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What's so Good about Friday?

In 2014, Good Friday was marked in Chicago's Pilsen neighborhood with a procession and re-enactment of the Stations of the Cross
In 2014, Good Friday was marked in Chicago's Pilsen neighborhood with a procession and re-enactment of the Stations of the Cross
WLS Photo

What's so good about Good Friday? Many non-Christians have a difficult time understanding how it works. One of my Jewish facebook friends sent well wishes to all his Christian friends who are “celebrating” Good Friday, only to be told that Christians observe Good Friday, but we don't celebrate it. Is there anything good about remembering Jesus being treated like a lowly criminal and having to suffer and die on a cross?

In a word, yes. The reason why Good Friday is still a positive event for Christians is because Jesus willing opted to be crucified in order to save mankind. Jesus suffered and died for our sins, and his death made the resurrection possible – proving Jesus was indeed the Messiah that had been foreshadowed in the Old Testament. As we sang during my parish's Good Friday service, “Through death he trampled death”.

Here in Chicagoland, Catholics and Christians of all denominations often have elaborate and moving services in honor of Good Friday, since its the instrumental event that leads to the Resurrection and Easter Sunday. What Catholics and other Christians do to observe Good Friday varies greatly depending not only on the type of Christian denomination, but the local church community itself. Most churches have some type of service that focuses on Christ's passion, and includes gospel readings about the events leading up to his death. There may be visual depictions of the Crucifixion, dramatic readings, re-enactments, passion plays, or Stations of the Cross. In Chicago's Pilsen neighborhood every year, they observe an annual Way of the Cross procession where the Crucifixion itself is vividly reenacted on the streets of Chicago, with actors portraying Jesus and the Romans. In downtown Chicago, Holy Name Cathedral has a solemn “Liturgy of the Lord's Passion” every year, with Cardinal George presiding. At my parish in Homer Glen, Illinois, a more symbolic but equally moving Vespers service occurs. Hymns and gospel readings are sung about Christ's passion, followed by the Church going dark at night after the account of Jesus' death is read. This is followed by a candlelight procession around the church itself with a burial shroud that has an image of Christ painted on it. The shroud is then symbolically buried in the church. Finally, a reading on the Virgin Mary's Lamentations and an all-night vigil follows where people sign up for an hour to stay in the church for private prayer and meditation, similar to Eucharistic adoration.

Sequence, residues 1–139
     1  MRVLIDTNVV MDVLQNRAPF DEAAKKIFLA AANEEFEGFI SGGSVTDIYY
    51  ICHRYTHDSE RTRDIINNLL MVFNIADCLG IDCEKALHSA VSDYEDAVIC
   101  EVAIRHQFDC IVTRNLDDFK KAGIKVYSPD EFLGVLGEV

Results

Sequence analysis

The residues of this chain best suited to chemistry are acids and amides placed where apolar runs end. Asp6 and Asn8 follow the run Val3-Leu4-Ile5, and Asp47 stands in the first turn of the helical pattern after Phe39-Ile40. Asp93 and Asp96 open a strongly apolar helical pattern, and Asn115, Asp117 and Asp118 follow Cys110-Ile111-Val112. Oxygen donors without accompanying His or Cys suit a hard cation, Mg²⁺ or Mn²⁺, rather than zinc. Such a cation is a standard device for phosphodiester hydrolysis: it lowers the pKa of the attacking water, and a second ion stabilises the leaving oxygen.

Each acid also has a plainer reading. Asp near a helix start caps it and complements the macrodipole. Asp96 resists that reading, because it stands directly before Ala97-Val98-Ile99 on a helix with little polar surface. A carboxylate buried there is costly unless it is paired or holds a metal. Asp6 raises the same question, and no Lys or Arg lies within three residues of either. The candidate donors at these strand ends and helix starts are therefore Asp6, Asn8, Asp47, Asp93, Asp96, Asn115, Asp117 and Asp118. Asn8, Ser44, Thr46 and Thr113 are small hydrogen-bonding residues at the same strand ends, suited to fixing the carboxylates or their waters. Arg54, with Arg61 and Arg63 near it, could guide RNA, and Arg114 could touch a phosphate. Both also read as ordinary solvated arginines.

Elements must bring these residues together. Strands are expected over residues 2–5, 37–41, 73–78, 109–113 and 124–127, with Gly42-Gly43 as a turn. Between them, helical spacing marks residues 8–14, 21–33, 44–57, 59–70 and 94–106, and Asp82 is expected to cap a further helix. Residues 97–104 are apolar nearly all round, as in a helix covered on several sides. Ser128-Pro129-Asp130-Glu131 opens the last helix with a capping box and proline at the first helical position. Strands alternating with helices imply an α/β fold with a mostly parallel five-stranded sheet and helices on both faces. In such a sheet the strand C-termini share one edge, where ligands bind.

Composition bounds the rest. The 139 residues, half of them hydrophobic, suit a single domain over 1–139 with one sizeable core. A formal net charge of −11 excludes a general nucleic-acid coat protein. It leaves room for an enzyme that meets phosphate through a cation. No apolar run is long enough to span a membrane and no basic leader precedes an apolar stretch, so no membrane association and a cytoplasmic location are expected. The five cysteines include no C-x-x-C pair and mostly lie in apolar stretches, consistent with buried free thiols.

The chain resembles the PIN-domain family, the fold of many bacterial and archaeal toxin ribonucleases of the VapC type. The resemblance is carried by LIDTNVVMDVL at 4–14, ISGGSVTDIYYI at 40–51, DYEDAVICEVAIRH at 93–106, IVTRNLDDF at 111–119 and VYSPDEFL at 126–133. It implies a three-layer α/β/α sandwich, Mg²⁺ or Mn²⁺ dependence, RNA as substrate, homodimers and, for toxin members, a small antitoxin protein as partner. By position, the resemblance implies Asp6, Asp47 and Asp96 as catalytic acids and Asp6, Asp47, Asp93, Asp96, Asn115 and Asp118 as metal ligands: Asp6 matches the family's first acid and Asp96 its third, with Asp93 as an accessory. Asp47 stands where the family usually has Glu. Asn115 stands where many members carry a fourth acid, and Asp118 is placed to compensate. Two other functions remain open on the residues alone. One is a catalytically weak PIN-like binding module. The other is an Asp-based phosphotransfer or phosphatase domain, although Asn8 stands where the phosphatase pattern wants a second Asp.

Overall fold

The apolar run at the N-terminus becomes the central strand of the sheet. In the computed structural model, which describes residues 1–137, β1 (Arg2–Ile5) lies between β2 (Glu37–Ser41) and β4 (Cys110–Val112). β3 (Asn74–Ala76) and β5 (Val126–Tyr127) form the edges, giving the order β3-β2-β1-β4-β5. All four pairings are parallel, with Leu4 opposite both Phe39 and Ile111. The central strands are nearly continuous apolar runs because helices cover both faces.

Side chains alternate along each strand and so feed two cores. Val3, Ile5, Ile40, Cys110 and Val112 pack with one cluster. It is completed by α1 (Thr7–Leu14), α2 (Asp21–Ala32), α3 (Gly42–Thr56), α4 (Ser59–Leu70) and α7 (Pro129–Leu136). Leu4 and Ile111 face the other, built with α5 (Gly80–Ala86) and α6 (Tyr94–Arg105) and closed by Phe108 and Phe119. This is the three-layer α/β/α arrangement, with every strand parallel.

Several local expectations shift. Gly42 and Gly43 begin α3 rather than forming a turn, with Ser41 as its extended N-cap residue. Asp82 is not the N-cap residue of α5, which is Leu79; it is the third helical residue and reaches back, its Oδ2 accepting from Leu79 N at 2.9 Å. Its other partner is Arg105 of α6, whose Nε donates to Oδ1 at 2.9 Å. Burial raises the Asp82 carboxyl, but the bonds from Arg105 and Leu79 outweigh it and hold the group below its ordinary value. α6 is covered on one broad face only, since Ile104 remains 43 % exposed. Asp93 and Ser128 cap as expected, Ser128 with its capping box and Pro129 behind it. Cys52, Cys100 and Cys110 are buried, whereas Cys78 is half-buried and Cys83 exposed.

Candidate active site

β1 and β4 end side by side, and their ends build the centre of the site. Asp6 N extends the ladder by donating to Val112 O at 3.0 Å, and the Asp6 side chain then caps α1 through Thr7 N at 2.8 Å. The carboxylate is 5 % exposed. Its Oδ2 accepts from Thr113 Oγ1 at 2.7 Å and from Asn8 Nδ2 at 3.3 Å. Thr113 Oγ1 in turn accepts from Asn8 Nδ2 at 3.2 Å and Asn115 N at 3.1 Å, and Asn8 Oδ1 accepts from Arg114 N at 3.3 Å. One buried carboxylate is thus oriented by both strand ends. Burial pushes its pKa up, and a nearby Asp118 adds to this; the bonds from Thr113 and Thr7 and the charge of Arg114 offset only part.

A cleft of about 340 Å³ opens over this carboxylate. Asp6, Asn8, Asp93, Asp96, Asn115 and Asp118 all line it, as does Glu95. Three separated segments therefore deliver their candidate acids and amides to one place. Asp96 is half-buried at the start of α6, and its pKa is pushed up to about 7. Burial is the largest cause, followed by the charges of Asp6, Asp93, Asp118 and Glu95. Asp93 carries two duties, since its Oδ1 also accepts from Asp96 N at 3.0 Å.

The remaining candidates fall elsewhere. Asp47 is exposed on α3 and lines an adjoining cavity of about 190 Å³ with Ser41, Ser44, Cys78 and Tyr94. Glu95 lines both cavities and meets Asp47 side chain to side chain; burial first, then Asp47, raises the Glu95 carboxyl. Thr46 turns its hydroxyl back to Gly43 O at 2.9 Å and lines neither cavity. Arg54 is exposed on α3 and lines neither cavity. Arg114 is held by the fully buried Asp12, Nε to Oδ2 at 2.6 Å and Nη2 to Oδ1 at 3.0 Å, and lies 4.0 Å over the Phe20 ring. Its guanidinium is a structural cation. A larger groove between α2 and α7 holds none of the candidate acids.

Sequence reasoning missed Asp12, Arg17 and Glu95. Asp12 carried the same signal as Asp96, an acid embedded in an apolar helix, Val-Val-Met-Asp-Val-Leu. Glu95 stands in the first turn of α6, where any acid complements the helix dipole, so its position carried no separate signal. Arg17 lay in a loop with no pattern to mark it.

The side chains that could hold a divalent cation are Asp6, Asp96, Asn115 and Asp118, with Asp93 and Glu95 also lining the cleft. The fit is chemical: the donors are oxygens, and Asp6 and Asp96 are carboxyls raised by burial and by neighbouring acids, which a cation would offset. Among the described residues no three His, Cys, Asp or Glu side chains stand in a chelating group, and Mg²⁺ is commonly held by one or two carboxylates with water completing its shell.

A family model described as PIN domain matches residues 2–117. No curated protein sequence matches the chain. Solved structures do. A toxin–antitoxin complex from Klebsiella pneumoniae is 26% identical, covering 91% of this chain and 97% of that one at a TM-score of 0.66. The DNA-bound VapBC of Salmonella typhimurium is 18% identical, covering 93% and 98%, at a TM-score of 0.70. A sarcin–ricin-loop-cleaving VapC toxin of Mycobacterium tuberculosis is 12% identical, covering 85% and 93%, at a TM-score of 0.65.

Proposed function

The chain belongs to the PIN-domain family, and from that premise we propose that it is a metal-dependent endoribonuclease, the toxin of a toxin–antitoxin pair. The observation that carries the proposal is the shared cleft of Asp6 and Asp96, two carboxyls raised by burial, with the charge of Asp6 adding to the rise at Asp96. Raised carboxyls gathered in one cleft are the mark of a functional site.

Some eastern-rite Catholics refer to the day as not “Good Friday”, but “Great Friday”, stating that the fact God was able to take human form and die a physical death was the greatest feat in the history of humanity. So as we look forward to Easter this weekend, take a moment to reflect on sheer awe of Christ's passion and death. It can truly move you.